Wool Exporter Crosses The Auction Line
20 August 2008
International Wool Exporter Crosses The Auction Line
One of New Zealand’s leading wool exporters will start its own wool auction next month as part of a new suite of alternatives for North Island woolgrowers.
In addition to the auction Segard Masurel will continue to offer farmers shed selling and long term contracts at fixed or indexed prices. The expansion recognises strong grower dissatisfaction with wool prices in recent years and comes with a promise that its supporters will get greater feedback from local and overseas mills to take account of price premiums.
The former wool manager for Allied Farmers, Mr Scott McLeod will head the expansion of Masurel Direct which already buys significant quantities of wool direct from farmers sheds.
The move by a wool exporter to run its own auctions crosses an unwritten demarcation line that has existed between wool brokers and buyers for generations. In recent times this line has been crossed by wool brokers who have become involved in exporting in recent times. The first Masurel Direct catalogue will go to auction in Napier during September.
Segard Masurel is a family owned global wool company that has exported New Zealand wool for 101 years and has significant operations in Australia, Belgium, France and South Africa.
It is one of New Zealand’s leading wool exporters with an annual turnover of around 200,000 bales in three key markets – New Zealand carpet manufacture, China and Northern Europe. The company also has a diverse range of clients in another 40 countries.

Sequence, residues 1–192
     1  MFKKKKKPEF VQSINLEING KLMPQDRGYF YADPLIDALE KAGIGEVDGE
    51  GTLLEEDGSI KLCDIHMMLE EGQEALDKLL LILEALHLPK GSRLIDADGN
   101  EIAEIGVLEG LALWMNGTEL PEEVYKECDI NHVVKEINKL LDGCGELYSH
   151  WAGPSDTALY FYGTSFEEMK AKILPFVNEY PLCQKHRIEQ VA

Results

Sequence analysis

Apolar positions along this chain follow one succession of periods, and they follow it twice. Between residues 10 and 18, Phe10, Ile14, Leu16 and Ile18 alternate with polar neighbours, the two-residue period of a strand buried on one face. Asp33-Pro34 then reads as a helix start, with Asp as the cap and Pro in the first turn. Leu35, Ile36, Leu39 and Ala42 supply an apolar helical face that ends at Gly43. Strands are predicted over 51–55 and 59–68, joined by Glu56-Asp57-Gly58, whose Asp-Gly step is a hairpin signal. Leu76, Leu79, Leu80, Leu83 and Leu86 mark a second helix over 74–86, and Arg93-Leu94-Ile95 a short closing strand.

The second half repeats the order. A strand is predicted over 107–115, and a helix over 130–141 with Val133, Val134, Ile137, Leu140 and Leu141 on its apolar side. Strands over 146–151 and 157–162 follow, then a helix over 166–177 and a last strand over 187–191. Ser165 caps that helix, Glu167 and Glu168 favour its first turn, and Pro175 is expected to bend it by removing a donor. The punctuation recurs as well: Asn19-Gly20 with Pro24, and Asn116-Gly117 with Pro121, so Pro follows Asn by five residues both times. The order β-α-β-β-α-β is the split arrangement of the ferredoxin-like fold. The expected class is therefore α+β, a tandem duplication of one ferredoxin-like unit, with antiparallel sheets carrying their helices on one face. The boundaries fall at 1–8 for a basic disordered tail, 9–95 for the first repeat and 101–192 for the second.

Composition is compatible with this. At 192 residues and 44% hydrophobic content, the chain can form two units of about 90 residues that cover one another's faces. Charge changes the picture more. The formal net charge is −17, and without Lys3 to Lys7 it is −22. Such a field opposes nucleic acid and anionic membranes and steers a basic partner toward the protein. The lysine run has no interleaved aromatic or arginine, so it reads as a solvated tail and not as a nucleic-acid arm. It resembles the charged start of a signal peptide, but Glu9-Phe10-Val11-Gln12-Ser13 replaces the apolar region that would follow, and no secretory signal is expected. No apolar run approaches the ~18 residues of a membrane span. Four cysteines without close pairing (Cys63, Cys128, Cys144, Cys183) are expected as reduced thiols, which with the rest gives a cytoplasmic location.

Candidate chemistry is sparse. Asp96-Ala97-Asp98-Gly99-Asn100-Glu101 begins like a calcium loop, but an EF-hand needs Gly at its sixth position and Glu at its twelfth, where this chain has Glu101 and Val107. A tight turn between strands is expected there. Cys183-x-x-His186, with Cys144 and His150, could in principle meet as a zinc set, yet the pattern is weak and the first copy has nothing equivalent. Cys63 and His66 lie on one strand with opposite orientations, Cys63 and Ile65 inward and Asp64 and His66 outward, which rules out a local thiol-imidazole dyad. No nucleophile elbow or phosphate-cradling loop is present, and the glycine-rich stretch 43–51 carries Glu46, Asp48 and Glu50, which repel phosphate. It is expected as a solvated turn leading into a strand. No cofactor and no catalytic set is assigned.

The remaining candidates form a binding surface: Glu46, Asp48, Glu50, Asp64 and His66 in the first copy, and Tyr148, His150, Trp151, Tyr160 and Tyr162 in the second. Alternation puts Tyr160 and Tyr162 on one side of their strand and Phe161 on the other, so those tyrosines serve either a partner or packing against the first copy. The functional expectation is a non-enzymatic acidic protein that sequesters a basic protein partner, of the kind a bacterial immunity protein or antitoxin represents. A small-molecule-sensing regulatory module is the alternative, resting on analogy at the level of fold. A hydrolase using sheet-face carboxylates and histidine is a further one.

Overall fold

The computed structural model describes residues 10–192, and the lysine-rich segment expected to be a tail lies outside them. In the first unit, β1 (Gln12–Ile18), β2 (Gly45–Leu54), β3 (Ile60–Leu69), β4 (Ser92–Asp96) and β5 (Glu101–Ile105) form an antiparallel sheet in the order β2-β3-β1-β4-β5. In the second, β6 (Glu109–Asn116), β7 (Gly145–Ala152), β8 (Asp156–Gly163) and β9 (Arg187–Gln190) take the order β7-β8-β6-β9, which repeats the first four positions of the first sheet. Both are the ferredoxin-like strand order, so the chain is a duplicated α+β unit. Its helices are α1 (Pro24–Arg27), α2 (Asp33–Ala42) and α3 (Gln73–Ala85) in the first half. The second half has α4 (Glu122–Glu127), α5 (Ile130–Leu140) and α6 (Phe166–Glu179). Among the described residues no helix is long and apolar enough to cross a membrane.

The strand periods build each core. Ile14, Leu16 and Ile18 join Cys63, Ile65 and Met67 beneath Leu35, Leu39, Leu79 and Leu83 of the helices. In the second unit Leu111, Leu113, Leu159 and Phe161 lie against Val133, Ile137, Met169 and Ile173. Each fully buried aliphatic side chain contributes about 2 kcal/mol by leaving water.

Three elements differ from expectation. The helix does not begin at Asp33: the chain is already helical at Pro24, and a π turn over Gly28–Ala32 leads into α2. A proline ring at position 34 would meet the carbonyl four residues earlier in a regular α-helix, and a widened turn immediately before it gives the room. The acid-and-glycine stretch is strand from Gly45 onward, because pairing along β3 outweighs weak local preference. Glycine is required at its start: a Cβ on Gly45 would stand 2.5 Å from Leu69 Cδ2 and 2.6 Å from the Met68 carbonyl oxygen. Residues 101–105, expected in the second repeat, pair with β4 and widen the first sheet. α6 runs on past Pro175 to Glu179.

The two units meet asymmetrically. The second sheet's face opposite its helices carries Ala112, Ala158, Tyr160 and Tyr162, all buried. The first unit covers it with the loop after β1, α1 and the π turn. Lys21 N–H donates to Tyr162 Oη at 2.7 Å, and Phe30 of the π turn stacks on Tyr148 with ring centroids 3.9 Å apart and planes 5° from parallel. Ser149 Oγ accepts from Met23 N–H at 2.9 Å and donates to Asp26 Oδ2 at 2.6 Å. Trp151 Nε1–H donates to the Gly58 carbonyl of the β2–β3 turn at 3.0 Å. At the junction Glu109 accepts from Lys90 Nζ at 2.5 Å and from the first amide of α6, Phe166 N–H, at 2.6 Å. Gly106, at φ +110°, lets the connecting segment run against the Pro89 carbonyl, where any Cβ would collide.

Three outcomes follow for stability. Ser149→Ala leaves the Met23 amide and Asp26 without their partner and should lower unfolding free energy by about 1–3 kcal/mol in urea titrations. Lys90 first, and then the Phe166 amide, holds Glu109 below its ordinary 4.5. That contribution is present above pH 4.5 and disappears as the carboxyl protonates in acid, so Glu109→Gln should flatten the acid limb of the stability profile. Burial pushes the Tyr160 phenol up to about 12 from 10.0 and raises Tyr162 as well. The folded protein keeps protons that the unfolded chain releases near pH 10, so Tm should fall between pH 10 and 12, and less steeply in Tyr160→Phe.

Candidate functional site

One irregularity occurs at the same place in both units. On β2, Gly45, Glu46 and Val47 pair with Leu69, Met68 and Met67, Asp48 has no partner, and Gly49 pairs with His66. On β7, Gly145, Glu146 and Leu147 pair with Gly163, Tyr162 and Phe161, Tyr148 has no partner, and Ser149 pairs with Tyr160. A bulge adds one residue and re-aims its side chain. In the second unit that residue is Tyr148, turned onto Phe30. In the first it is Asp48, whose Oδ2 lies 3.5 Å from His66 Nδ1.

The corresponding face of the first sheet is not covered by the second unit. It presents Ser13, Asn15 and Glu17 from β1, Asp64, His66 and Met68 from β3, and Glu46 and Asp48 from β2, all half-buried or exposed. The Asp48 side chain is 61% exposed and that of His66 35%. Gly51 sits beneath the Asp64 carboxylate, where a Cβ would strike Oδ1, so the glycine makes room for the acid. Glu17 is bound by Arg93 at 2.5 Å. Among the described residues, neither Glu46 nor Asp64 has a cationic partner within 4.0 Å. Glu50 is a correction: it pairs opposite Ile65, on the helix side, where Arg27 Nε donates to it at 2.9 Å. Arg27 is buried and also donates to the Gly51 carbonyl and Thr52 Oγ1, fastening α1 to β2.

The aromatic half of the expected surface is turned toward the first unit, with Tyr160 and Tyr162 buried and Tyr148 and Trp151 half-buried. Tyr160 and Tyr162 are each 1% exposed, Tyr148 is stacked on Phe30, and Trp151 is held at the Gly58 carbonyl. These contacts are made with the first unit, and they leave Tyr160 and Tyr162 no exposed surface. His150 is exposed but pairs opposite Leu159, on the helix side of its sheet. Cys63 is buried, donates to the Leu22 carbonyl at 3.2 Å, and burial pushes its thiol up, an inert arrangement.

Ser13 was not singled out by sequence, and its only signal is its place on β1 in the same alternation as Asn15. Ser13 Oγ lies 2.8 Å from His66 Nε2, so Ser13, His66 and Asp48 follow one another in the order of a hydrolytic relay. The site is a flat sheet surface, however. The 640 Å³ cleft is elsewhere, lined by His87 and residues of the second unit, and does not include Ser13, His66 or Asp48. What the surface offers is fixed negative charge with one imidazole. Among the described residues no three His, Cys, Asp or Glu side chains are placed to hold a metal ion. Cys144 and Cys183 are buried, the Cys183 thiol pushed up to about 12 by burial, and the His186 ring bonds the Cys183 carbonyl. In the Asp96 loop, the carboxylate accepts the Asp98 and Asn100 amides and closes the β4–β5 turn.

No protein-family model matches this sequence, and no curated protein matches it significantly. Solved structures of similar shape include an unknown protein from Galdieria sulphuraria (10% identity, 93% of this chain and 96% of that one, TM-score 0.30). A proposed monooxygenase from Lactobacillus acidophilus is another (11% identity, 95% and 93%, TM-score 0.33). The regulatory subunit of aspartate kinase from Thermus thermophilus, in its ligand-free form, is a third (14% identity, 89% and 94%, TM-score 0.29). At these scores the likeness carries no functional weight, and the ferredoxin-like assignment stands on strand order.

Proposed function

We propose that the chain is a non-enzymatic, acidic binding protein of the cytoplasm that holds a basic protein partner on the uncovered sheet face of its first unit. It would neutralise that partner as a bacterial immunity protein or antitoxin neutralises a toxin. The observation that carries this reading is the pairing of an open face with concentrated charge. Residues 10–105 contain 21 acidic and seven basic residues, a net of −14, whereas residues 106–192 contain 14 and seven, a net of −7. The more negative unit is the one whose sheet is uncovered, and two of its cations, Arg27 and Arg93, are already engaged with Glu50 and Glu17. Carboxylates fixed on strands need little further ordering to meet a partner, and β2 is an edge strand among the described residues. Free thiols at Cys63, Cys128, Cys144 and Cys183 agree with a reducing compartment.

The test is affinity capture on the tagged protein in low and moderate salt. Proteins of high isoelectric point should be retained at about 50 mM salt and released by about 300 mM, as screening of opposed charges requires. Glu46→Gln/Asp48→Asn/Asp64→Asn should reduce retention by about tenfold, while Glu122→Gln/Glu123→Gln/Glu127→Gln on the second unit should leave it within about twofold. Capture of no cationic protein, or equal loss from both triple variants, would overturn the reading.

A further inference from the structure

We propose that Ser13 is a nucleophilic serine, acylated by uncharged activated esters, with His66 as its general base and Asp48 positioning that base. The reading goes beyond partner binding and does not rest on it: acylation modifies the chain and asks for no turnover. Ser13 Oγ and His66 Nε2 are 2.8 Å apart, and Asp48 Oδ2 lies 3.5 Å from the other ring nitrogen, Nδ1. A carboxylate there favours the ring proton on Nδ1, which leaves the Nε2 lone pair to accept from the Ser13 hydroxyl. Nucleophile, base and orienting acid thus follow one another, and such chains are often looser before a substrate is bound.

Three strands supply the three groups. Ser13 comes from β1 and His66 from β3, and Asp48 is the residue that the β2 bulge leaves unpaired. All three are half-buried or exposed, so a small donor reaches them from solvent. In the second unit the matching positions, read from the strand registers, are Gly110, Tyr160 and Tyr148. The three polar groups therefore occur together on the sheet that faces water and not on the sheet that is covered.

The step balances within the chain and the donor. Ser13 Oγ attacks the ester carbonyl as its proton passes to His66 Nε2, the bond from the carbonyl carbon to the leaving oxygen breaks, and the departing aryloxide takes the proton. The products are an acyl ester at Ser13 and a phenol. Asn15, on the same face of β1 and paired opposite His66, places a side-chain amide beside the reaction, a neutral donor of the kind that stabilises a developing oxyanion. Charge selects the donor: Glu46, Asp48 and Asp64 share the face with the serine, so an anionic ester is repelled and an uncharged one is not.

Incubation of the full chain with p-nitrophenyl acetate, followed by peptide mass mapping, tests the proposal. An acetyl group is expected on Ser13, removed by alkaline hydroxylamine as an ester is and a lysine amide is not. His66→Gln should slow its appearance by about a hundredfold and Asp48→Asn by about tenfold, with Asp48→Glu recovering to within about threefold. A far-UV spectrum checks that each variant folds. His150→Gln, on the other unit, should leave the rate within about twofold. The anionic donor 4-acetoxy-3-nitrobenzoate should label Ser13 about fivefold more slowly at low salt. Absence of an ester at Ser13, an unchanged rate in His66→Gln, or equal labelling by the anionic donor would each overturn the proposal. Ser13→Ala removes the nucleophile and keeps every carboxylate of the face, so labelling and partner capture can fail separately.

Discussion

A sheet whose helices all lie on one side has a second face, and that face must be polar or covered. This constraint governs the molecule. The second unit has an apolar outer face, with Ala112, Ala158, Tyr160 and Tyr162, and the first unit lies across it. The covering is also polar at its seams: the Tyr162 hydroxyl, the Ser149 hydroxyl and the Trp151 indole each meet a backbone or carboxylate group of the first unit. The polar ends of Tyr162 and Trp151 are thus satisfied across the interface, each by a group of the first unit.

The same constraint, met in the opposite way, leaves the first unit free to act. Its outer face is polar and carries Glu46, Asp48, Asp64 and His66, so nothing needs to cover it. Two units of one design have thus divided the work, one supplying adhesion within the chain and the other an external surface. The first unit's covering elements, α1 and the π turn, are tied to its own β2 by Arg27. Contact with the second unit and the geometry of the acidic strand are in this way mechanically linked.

Segard Masurel’s New Zealand chief executive, Peter Whiteman of Wellington, said the company is a well balanced business with a strong balance sheet. He said that the new initiative would give wool growers an option to auction wool in addition to the traditional private buying direct from the farm.
“Our supply route is offered on the back of a very sound, long term commercial background and an existing network of offices and agents worldwide. This enables us to extract the very best from our relationships that will reflect in the prices we achieve for growers,” he said.
“This expansion has the interests of wool growers’ firmly in mind and represents an international investment at the New Zealand grass roots level. But unlike the proposed untried co-operative hybrid it does not require New Zealand farmers to risk any of their capital to reap gains from an integrated marketing pipeline,” he said.
Mr McLeod, who is the Segard Masurel auction wool manager, grew up on a Hawke’s Bay farm and after graduating from university he joined Elders in Gisborne for 14 years.
Twelve years ago he joined Allied Farmers in Wanganui as it wool manager and recently resigned from this position when the company was taken over by PGG Wrightson.
“There is a lot of grower interest in dealing with a truly integrated wool selling pipeline that gives them every possible selling option from direct contract to the end user through to selling in the shed,” Mr McLeod said.